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Why Eliminating Checks Isn't Enough to Stop B2B Payments Fraud

Our CEO, Neal Anderson, sits down with PYMNTS' CEO, Karen Webster, to discuss the implications of the rise in B2B payments fraud and why exclusively eliminating checks isn't enough to stop it.

How to Automate AP Series: Podcast #6

If you missed our fifth podcast in this series, you can access it by clicking this link: Virtual Card Adoption Strategies for AP.

Even before 2020's Black Swan event, most forward-thinking financial leaders agreed that businesses were rapidly approaching a more modernized digitized world.  

In light of recent events, the prevailing prediction throughout the B2B payments landscape is that paper checks (and paper in general) will be all but extinct by 2030. 

In addition to being a cumbersome payment option, paper checks lead the charge in both average cost-per-transaction and fraud attempts (attempted and successful), effectively ensnaring organizations that are still heavily reliant on paper into a dual threat to the bottom line.

Fraud is on the rise from within and from without, especially in remote working environments, and perpetrators continue to take advantage of the lack of security associated with paper payments.   

Speaking with PYMNTS CEO, Karen Webster, OnPay Solutions President and CEO, Neal Anderson, explained that it's one of the many reasons why chief financial officers and treasurers should continue to drive their firms toward electronic B2B payments. Yet, Neal noted, migrating away from paper checks isn't enough to fully protect the enterprise.

A Rising Risk From Home

According to Neal, while CFOs and corporate treasurers have always been concerned about B2B payments fraud infiltrating their accounts receivable (AR) and accounts payable (AP) operations, that risk is more inflated today than ever.

"Now, all of a sudden, you have thousands and thousands of employees having access to your network in a remote environment. The risk just multiplies. From our perspective, we've not only seen the concern for fraud multiply, but also the opportunities for fraud." - Neal Anderson 

That's particularly true with paper checks because, in many cases, AP personnel were forced to bring check printing equipment home with them, giving them instant - and unobserved - access to the payments network. This environment has made it easy for employees with nefarious motives to quickly and easily steal company assets. 

But it's important to note that internal attempts are not the only instances contributing to the overall rise in fraud attempts, and paper checks are not the only weak spot. 

Beyond ePayments Adoption

Historically fraud occurs in many forms beyond paper checks - there are levels of risk associated with ePayments as well. Perhaps the most ominous target for fraud in businesses worldwide is something we're all familiar with - some of us access it over 120 times a day - business email compromise (BEC).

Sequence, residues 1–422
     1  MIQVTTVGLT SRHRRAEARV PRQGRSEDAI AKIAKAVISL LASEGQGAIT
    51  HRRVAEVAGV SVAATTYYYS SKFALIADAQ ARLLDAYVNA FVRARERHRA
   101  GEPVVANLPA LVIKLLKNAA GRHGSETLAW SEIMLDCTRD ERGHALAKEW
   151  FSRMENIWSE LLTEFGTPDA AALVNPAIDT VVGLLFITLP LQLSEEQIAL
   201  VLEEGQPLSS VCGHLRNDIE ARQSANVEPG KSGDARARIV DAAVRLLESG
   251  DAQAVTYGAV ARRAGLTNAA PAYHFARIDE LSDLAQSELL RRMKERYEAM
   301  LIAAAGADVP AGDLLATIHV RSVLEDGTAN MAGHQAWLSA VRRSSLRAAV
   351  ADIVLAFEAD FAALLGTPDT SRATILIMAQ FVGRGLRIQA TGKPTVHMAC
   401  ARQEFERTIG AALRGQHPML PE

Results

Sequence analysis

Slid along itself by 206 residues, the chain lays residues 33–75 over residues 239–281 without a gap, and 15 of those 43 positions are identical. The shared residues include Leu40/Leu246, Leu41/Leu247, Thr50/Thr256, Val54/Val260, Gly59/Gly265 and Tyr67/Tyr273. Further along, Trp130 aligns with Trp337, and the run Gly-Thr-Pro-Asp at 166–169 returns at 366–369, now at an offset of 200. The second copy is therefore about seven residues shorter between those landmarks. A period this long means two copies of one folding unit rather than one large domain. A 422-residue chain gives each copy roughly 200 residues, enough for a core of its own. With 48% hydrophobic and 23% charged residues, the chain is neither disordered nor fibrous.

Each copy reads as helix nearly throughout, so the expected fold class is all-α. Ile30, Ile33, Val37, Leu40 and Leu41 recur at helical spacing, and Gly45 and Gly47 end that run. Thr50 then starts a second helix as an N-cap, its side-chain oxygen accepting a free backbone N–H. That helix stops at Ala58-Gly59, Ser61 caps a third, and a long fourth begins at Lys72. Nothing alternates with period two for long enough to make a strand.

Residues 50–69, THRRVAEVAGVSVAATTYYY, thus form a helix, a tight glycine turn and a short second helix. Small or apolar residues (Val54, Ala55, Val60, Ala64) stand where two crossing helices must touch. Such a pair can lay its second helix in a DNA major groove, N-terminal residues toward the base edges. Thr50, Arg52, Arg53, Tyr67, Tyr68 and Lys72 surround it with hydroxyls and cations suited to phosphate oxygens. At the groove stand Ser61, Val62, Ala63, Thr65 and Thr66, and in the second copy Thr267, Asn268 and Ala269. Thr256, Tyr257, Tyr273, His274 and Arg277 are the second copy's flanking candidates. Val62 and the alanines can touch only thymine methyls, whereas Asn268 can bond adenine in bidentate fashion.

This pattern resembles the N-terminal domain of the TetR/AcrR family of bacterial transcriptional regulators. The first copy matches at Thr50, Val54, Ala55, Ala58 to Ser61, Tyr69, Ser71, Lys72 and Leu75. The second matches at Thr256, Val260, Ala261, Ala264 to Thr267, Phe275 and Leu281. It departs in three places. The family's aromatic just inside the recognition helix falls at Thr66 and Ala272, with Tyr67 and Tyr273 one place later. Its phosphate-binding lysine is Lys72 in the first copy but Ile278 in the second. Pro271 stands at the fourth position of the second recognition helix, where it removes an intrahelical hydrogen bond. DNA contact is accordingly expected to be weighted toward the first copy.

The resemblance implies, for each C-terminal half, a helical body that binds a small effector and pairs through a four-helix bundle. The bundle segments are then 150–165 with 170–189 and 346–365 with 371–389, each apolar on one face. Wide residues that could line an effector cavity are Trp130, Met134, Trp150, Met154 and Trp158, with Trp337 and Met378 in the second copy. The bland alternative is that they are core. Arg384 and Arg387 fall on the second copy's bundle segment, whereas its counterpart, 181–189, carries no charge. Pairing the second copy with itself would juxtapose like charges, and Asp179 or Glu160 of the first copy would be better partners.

BEC fraud is when a fraudster spoofs a legitimate email address in attempt to redirect supplier payments into a fraudulent bank account. This type of fraud is growing more and more sophisticated, with some criminals gaining access to email servers in real-time. 

Another popular strategy for BEC Fraudsters is to create duplicate invoices or submit a request to update payment information. In the past, AP professionals would have been able to quickly confer with their colleagues to test the legitimacy of the request. Remote working environments have made that more difficult.  

"We hear story after story of folks moving money without taking the time to validate it. For CFOs who are listening, I encourage them to make sure everybody on the team knows there is a multi-tier process for authenticating those payment requests." - Neal Anderson

That multi-level authentication process isn't only for wires and ACH transactions, either. It should also be in place for invoices received from vendors who are not yet on a master vendor list. Such cases are "big red flags" that must be looked into before any payment is made, Neal warned.

It's Not ‘If,’ But ‘When’

One of the most effective ways to protect your business from B2B payments fraud is to migrate away from paper checks and invoices or eliminate them entirely. But that alone won't create immunity to other fraudulent activity. 

Almost every payment option carries a risk for fraud. However, if CFOs are tactful about how they migrate to AP automation and which payment methods they choose, they can increase their security by 99%.

Virtual cards, in particular, are a crucial weapon against fraud. Unlike their counterparts, purchasing cards (P-Cards), virtual cards (V-Cards) are single-use credit cards designated for a specific amount that self-destruct after use. They can also be assigned to a particular invoice, adding an extra layer of security.   

Developing internal controls is vital to mitigating risks like BEC and invoice redirect scams. Anderson describes these authentication measures as often "the last step in the chain to stop fraud,” and says organizations must develop these controls to function in a remote working environment.

Training employees to identify red flags, like requests to change bank account details, is another important step, while Anderson also pointed to supplier onboarding processes that can prevent theft from the onset.

"Perhaps most important is for professionals to be educated about the risks and to be on guard. Everybody needs to be suspicious. Everybody should worry that this activity is happening. If it hasn't happened to you, it will. It's only a matter of time." - Neal Anderson

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